Around the world, 780 million people are without water today, and approximately 1 million of those people reside in Honduras. From March 10-19, 21 Wheaton College students and I chose to do something about it by helping install a gravity-fed clean water system in a small village outside Tegucigalpa called Los Cedros.
However, according to the U.S. State Department, Honduras is also the #1 most dangerous country in the world. With a thriving drug trade, gang violence, and hundreds of homicides every year (most of them unresolved cases), that statement is no surprise. But, as a journalist, this statistic makes a pretty good story, and I’m happy to say our group didn’t just survive – we thrived (with only one trip to the hospital during our 10-day stay). Even though the Peace Corps pulled out their troops in January 2012, we braved the elements.
It was worth the risk.
Honduras Project, or, “HP,” as it’s called by its members and alumni, has been traveling from Wheaton to Honduras for 27 years to install gravity-fed clean water systems in different rural villages every year. This year, even though the U.S. government issued several “high-risk” travel warnings at the beginning of 2013, our Christian team of 22 traveled to experience life with 80 families in rural Honduras who would be receiving clean water in their homes for the first time.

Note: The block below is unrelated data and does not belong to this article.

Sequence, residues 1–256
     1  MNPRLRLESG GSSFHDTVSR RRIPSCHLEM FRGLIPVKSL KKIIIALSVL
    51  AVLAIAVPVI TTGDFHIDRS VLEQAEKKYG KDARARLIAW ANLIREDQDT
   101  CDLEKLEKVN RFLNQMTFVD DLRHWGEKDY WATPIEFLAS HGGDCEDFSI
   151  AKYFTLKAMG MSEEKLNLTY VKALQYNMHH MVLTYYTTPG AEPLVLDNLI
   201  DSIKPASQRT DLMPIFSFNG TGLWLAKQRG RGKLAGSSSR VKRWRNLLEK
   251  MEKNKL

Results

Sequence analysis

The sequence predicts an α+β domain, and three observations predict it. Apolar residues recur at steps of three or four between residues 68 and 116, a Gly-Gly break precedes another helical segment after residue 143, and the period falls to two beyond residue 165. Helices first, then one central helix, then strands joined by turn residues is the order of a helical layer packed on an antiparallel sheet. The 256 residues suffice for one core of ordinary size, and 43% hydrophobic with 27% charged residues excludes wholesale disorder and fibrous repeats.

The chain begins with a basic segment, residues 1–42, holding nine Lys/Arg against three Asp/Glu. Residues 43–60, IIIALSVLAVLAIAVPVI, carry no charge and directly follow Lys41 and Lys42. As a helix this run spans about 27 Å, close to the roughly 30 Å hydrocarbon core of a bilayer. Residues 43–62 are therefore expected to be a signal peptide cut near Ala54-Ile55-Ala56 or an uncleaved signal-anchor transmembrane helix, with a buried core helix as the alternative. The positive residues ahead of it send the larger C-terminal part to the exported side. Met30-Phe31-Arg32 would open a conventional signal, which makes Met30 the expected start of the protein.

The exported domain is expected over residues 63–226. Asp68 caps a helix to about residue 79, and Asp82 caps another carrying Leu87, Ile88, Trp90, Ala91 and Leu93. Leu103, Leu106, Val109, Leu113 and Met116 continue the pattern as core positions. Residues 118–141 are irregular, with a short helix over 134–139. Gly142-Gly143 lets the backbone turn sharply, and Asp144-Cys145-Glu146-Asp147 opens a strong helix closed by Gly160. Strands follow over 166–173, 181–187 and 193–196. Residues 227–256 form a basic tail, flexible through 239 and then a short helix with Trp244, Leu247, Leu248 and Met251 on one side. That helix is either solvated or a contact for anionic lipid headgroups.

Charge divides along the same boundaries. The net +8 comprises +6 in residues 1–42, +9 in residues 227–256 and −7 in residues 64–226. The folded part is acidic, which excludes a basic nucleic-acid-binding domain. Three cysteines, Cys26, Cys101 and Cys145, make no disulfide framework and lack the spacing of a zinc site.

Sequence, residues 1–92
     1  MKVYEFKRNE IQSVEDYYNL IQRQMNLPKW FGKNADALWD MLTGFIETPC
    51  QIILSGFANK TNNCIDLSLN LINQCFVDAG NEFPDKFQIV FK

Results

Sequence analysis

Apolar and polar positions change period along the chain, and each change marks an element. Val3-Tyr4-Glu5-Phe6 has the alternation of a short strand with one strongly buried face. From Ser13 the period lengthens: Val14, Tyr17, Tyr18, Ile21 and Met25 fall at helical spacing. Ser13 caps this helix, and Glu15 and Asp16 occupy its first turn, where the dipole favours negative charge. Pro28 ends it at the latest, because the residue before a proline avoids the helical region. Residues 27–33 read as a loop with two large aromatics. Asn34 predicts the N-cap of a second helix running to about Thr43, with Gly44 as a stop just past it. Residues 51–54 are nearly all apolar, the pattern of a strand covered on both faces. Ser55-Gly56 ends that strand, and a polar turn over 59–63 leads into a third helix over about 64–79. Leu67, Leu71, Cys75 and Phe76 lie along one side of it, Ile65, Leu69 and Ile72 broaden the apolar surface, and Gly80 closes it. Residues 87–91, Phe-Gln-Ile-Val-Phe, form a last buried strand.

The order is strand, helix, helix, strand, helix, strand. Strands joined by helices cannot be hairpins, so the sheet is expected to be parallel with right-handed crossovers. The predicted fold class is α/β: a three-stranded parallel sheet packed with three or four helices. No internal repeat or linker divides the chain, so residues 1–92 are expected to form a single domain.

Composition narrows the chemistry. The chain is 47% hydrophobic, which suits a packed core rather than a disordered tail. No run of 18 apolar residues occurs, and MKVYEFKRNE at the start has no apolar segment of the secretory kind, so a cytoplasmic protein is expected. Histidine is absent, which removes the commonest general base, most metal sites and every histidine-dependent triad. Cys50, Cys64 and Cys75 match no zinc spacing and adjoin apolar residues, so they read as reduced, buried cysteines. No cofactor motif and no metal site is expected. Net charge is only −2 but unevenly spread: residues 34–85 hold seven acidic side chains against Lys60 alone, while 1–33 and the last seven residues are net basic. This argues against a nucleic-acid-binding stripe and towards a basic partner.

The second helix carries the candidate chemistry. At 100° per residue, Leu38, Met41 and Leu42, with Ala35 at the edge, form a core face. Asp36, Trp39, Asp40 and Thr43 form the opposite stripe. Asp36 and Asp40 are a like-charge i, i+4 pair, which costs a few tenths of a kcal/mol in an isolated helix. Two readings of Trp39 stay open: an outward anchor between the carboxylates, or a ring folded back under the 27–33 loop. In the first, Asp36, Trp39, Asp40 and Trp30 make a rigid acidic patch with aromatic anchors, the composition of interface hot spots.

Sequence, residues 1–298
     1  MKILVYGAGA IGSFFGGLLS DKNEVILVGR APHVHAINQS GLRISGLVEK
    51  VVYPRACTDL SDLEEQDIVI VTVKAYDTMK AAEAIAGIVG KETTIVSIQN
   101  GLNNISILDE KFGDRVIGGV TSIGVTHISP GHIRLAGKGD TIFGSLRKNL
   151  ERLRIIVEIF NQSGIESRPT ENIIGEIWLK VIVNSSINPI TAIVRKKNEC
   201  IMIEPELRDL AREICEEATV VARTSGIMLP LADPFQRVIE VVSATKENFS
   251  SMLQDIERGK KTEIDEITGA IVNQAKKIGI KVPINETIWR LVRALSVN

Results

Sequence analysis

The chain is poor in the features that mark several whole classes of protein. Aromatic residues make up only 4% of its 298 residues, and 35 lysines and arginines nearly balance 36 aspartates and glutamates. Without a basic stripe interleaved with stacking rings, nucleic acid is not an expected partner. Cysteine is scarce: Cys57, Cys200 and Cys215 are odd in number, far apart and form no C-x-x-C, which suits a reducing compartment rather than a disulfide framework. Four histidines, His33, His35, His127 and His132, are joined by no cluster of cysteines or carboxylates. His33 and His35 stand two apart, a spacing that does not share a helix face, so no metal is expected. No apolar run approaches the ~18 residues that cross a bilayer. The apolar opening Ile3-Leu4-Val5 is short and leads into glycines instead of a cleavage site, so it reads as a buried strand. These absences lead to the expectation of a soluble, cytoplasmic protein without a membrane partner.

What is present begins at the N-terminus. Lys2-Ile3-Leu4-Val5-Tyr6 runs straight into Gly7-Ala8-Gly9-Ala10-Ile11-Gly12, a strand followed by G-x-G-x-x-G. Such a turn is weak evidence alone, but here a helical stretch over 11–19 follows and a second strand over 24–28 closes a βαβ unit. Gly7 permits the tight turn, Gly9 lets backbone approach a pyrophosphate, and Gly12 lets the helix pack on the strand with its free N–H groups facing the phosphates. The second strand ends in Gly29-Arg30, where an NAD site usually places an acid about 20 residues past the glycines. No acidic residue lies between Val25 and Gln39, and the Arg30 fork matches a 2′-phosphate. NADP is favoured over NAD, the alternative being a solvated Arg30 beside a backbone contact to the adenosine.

The theme verse of the trip was John 7:37: “On the last and greatest day of the festival, Jesus stood and said in a loud voice, ‘Let anyone who is thirsty come to me and drink. Whoever believes in me, as Scripture has said, rivers of living water will flow from within them.’” This verse made sense, naturally, as our trip was designed around a construction project that would help provide clean water in the villagers’ homes, but the metaphor went deeper than that for me personally. Even though I only spoke a few words of Spanish when I got there, and had never traveled to Latin America, I found during our trip to Honduras that I share a lot more similarities with the villagers than differences. No matter what material goods we’ve been blessed with or lack, we all have the same desires, the same problems, and the same need for Jesus. We all long for connection and to feel loved, and yet, how often do we search for connection in all of the wrong places?
As I looked out over the beautiful and rolling green hills of Honduras, away from my makeup, cell phone, family, friends, and material distractions that come with life in the United States, I realized the vastness of God’s creation and the length, height, depth, and breadth of his love. I realized in the mountains of Honduras, completely out of my comfort zone, sharing life with villagers I’d only known for five days, that true freedom comes with prioritizing relationships, hospitality, and selfless love.
During that week, I realized that even though we were helping a community install clean water in their homes for the first time, they were teaching me an invaluable lesson: what it means to let living water flow from my heart.